Going back to the edited version, I felt dismayed. I felt that I was getting a diluted experience of what I’d just had. Something that was potent, transforming and effective was now itself changed, as if by me — as if, instead of the proper relationship of author to reader, of that trust in allowing someone else into my head, I’d been the one reaching into the dialect and rearranging it to suit me.

One reading took me to an island. The other brought the island to me.

I understand the resistance to dialect, I do. But I also resent it. To me it’s a resistance that speaks of brittleness and entitlement, a valuing of stasis, like treating as default gears that have rusted over instead of working to oil them into suppleness again. And the contexts for our resistance to dialect are so variable, so inflected by race and class, as many have noted elsewhere: in academia we value immensely our knowledge of Chaucer in Middle English and roll our eyes at modern translations, we write reams of analysis on a single word in Finnegans Wake, we praise Burns as a treasure.

I want to state unequivocally that writing in one’s own dialect is valuable and often necessary, and that we should make a virtue of giving ourselves over to being challenged and changed by writing. We need to be self-aware, as readers and writers both, of the position from which we’re reading and writing, and articulate our contexts to ourselves instead of assuming them to be defaults and absolutes. We need to be aware, as editors and reviewers especially, of the power we wield in articulating our contexts to others.

We are already each the centres of our own respective universes. It’s wrong to assume as our right that we should be the centre of everyone else’s.


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23 Responses to Reading Dialect in Celeste Rita Baker’s “Name Calling”

  1. Ranylt says:

    “One reading took me to an island. The other brought the island to me.”

    Tears. SO well said.

  2. andreablythe says:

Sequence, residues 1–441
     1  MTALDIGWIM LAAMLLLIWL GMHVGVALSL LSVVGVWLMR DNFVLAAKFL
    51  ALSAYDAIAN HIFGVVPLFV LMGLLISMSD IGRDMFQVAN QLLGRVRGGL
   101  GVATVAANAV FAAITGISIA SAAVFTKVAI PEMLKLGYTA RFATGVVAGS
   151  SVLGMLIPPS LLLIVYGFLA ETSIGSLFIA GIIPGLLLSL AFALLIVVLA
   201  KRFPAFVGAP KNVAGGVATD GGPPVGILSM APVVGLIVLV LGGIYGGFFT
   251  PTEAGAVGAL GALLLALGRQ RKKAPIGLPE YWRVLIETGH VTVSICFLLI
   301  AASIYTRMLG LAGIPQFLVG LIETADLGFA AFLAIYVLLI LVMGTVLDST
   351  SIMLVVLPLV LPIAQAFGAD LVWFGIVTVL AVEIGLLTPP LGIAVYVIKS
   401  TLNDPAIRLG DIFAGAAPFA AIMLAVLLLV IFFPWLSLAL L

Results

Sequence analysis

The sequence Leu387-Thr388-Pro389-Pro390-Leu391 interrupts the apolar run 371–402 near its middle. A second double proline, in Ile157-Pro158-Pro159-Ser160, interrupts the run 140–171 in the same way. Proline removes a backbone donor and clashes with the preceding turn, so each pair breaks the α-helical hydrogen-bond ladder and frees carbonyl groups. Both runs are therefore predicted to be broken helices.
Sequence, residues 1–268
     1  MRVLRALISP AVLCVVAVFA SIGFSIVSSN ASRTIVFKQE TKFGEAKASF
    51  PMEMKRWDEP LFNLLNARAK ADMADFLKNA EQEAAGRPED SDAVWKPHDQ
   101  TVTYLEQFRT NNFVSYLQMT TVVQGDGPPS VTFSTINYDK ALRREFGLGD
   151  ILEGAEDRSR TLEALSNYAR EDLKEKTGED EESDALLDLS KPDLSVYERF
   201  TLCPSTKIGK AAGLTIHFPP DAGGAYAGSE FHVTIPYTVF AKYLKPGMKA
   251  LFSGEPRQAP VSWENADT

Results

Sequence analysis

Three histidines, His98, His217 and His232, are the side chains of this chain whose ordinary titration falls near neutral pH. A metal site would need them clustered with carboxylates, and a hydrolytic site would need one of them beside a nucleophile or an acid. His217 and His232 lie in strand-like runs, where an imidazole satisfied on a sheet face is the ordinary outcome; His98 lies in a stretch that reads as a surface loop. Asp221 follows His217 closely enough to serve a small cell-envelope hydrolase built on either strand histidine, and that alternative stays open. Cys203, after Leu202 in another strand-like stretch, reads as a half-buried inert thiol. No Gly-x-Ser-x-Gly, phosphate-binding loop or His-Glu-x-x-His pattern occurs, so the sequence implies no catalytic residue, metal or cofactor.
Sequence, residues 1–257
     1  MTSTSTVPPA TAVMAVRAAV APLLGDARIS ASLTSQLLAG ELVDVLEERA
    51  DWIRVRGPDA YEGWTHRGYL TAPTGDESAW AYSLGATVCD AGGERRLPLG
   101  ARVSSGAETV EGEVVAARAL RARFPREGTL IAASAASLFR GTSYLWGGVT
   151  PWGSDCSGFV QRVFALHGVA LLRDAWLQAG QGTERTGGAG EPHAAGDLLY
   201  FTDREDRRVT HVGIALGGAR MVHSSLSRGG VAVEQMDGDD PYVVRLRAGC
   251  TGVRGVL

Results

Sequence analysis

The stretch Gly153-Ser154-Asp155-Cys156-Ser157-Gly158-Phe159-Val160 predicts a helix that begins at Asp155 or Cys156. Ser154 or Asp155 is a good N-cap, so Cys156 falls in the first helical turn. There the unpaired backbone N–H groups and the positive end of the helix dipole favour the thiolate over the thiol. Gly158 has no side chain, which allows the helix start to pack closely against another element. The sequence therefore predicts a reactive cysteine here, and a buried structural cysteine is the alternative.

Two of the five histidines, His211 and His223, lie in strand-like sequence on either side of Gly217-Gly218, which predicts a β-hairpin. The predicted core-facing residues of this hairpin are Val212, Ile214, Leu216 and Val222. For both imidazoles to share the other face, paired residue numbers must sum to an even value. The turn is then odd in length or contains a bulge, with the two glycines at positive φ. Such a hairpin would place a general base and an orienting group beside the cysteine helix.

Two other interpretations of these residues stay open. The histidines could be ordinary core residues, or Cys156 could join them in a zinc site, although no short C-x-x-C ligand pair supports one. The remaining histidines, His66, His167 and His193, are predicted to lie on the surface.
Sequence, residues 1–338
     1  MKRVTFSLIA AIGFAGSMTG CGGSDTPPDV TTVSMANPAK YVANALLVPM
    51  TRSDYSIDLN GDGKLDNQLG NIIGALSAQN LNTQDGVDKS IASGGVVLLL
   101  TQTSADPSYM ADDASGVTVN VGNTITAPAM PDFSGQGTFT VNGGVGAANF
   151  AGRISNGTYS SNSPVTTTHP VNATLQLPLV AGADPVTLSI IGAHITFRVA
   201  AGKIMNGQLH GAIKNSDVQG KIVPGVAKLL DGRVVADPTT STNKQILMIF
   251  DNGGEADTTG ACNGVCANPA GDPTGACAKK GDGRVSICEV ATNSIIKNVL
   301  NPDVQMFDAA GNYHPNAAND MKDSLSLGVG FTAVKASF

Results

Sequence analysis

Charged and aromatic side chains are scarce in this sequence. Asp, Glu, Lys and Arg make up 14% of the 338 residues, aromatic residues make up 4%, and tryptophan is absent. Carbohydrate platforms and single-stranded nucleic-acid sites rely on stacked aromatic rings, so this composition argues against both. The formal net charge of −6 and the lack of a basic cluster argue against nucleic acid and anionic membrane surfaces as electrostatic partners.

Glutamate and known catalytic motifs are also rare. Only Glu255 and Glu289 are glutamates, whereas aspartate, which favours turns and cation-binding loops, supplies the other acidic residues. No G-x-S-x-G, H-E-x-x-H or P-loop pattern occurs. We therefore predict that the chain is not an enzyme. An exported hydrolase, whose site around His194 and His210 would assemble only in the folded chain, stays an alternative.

Fantastic essay. I completely agree.

    It had me also thinking about how writers are taught to never write dialect or to do it subtly. As a white writer, I’d be very hesitant about approaching dialects that are not my own, for a whole host of reasons. But I can see how for some POC writers this “rule” might be restricting, an erasure of their self and their home, denying them the kind of writer-reader connection you mention. Really interesting and I’ll be thinking about dialect differently.

    Now I’m off to go read “Name Calling.”

    • I do think it’s a very good rule for writers not to attempt to represent other people’s dialects visually unless they’ve done a LOT of research and had native speakers check that it’s not a stereotype-ridden mess. It’s not just white writers either! Consider my only references for Caribbean-sounding speech in my post; if I were to blithely attempt to “write dialect,” Jim Carrey parodying a white man’s attempt at sounding Jamaican is probably what would come through.

      Or think about how many times we get American writers of having characters say “so and so has a British accent.” That … Narrows it down to what, about 50 possible accents? Or the reverse, for that matter; British writers saying so and so has an American accent. What each is probably identifying in that case is NOT a specific accent, but the measure of difference between their own accent and ANY accent from another country, where it all becomes melted down into one easily representable difference.

      Anyway I’m getting carried away — I just love thinking about this stuff and find it hard to stop. I’d love to know your own experience of reading the story!

      • andreablythe says:

        So true. I love thinking and talking about this stuff, too.

        I read the first paragraph of the edited version and found myself hearing the accent with every “Ah” and then falling back into my own voice.

        So I skipped ahead to the original and was able to hold the voice in my head much better. I don’t really understand why it was edited in the first place because the dialect version is still so readable and has it’s own unique poetry to it. Anyway, it was an amazing story, so sad and heartfull.

  3. Siddhartha says:

    Very interesting. I don’t know if dialect should be “toned down”, but the experience of reading that story was very different for me. English is not my first language. It is one of two languages currently tied in their efforts to be my second language. It was quite difficult for me to penetrate the dialects in the original version of the story. I had to mentally translate the words to so-called “standard” English and then translate it back to my own language to understand what was happening there.